Review: Six recent Wemyss Malts releases reviewed


February and March saw two sets of single cask releases from Wemyss Malts, a bumper crop which includes two bottlings at cask strength.

[expand title=”Click here to see information about the bottings”]

February Release…
“Kirsch Gateau” 1988 single cask from Bunnahabhain Distilery, Islay, Cask Strength
“Cacao Geyser” 1998 single cask from Bowmore Distillery, Islay
“Snuffed Candle” 1999 singe cask from Aberfeldy Distillery, Highlands
“Dark Treacle Fondant” 2002 single cask from Craigellachie Distillery, Speyside
“Honeysuckle Bower” 1995 single cask from Linkwood Distillery, Speyside
“Caribbean Crème” 1988 single cask from Invergordon Distillery, grain

March Release…
“The Rockpool” 1995 single cask from Bowmore Distilery, Islay, Cask Strength
“Foraged Fruit Fool” 1991 single cask from Blair Athol Distillery, Highlands
“Toffee Tuile” 1999 singe cask from Aberfeldy Distillery, Highlands
“Kumquat Cluster” 1993 single cask from Glenrothes Distillery, Speyside
“Stem Ginger Preserve” 1995 single cask from Mortlach Distillery, Speyside
“Rhubarb Royale” 2001 single cask from Benrinnes Distillery, Speyside[/expand]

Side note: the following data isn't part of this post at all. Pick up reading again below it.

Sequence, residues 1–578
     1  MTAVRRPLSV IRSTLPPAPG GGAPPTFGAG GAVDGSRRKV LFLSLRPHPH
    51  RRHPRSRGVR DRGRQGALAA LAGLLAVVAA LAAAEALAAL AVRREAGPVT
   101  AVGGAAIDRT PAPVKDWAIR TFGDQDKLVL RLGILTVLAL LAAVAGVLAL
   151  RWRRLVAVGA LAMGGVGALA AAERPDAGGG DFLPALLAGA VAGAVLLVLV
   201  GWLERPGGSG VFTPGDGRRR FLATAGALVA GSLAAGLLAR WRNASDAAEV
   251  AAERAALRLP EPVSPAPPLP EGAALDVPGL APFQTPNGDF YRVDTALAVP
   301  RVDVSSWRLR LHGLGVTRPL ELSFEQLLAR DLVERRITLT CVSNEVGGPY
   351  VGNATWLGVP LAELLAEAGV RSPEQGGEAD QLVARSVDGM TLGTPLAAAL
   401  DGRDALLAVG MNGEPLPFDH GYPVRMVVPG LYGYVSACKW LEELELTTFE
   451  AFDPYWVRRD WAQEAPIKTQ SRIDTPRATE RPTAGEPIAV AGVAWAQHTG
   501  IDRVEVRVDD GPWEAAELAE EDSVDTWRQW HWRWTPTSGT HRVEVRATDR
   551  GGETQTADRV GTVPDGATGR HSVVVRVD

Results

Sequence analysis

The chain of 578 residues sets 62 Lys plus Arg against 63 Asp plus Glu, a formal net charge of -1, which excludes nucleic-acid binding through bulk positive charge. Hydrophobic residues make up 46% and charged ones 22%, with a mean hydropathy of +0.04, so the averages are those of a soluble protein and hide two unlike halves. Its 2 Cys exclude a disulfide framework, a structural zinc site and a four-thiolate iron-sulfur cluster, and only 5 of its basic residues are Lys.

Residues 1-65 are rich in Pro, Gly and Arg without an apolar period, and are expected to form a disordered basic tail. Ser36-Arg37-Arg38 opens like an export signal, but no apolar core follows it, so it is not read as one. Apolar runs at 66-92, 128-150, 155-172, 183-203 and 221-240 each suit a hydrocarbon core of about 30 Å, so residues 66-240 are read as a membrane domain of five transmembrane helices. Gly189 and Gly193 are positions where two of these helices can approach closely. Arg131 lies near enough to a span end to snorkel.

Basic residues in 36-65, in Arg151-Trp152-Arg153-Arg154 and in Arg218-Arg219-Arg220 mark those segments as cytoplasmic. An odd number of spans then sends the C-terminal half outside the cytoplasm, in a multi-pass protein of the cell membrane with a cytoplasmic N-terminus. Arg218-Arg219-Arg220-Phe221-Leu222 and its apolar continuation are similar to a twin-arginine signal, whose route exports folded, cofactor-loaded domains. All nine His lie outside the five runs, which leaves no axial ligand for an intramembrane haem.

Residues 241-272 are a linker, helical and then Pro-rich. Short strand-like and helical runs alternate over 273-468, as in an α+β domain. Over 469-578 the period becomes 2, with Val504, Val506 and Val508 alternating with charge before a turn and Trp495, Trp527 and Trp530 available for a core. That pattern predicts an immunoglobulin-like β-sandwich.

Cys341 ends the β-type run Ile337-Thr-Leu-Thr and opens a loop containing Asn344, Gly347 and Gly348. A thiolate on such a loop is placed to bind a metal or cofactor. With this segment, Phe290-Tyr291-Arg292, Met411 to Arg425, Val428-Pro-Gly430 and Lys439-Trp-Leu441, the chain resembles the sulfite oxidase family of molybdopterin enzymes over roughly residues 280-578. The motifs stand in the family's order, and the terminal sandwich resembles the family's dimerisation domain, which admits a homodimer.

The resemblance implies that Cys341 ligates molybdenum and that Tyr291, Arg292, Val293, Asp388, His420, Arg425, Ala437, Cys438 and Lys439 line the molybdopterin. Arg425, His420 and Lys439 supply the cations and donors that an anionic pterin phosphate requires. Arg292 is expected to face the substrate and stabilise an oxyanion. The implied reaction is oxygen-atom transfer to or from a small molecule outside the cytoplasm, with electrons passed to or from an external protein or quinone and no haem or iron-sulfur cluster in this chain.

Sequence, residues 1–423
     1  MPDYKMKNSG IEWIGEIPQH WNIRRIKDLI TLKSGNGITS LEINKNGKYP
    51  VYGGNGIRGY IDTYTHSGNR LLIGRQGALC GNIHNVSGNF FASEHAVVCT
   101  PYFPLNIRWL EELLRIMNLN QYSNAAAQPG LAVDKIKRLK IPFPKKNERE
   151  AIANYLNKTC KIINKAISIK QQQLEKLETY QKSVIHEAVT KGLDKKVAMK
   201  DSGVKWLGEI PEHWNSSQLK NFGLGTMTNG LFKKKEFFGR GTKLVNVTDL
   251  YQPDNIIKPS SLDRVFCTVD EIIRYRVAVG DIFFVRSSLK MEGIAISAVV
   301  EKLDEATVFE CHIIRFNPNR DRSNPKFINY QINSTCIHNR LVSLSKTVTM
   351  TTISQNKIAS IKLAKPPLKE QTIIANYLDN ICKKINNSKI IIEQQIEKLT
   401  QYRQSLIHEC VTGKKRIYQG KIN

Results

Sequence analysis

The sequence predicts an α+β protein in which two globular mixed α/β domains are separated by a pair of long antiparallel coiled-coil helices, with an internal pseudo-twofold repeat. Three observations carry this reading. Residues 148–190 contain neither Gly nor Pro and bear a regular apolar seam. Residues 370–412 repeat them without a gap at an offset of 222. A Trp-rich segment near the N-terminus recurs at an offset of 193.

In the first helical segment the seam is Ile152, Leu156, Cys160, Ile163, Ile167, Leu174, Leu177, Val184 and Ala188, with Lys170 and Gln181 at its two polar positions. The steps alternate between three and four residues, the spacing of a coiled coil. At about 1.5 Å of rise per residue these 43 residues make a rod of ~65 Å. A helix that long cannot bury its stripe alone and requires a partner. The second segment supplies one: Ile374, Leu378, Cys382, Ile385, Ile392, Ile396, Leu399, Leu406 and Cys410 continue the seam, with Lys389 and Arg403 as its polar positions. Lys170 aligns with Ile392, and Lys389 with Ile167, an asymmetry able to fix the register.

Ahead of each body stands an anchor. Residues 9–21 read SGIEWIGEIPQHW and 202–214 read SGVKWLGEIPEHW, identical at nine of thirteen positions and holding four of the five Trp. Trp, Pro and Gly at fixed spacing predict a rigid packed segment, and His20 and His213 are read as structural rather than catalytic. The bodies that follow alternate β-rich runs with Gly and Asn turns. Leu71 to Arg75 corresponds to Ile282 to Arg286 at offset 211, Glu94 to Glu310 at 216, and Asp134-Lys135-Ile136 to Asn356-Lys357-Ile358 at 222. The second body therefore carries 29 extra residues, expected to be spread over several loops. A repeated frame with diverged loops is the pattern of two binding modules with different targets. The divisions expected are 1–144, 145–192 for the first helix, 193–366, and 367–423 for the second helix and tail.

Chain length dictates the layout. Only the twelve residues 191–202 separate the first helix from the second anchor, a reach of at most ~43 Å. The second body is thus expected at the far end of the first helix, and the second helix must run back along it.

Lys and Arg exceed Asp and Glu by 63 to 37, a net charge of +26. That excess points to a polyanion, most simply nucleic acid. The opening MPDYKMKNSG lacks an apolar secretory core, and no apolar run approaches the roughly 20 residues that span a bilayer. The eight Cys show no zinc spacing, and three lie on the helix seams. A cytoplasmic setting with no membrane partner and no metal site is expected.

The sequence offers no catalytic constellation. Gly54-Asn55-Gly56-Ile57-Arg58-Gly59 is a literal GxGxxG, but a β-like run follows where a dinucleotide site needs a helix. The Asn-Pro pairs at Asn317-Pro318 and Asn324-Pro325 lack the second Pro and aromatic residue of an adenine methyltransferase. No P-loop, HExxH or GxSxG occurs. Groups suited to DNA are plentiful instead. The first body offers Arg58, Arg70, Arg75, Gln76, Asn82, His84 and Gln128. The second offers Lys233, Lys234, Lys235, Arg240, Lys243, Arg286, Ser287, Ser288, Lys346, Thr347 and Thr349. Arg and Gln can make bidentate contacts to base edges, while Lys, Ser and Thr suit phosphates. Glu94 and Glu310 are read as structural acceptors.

I’ve been lucky enough to able to review six of the recent releases, so without further ado, let’s take a look at my thoughts…

Aberfeldy – Wemyss Malts 1999/2014 – 46% abv

Info: “Snuffed Candle”. 379 bottles.
Colour: Light gold.
Nose: Rich and malty, honey, wine gums, hints of char.
Palate: Fairly thick and creamy on the palate, reasonably spiced. Malty and fruity, cask char more evident.
Finish: Rich, spiced and long, warming on your chest. Grassy malt lasting out at the end.
Water: A drop of water lowers the spice a little and brings out more oak notes.
Thoughts: A pleasant, grassy and malty highland dram.
Available: Master of Malt – £88.93

Linkwood – Wemyss Malts 1995/2014 – 46% abv

Info: “Honeysuckle Bower”. 332 bottles.
Colour: Light straw.
Nose: Light, spirity, packed with minerals and malt. Gently sweet, gooseberries.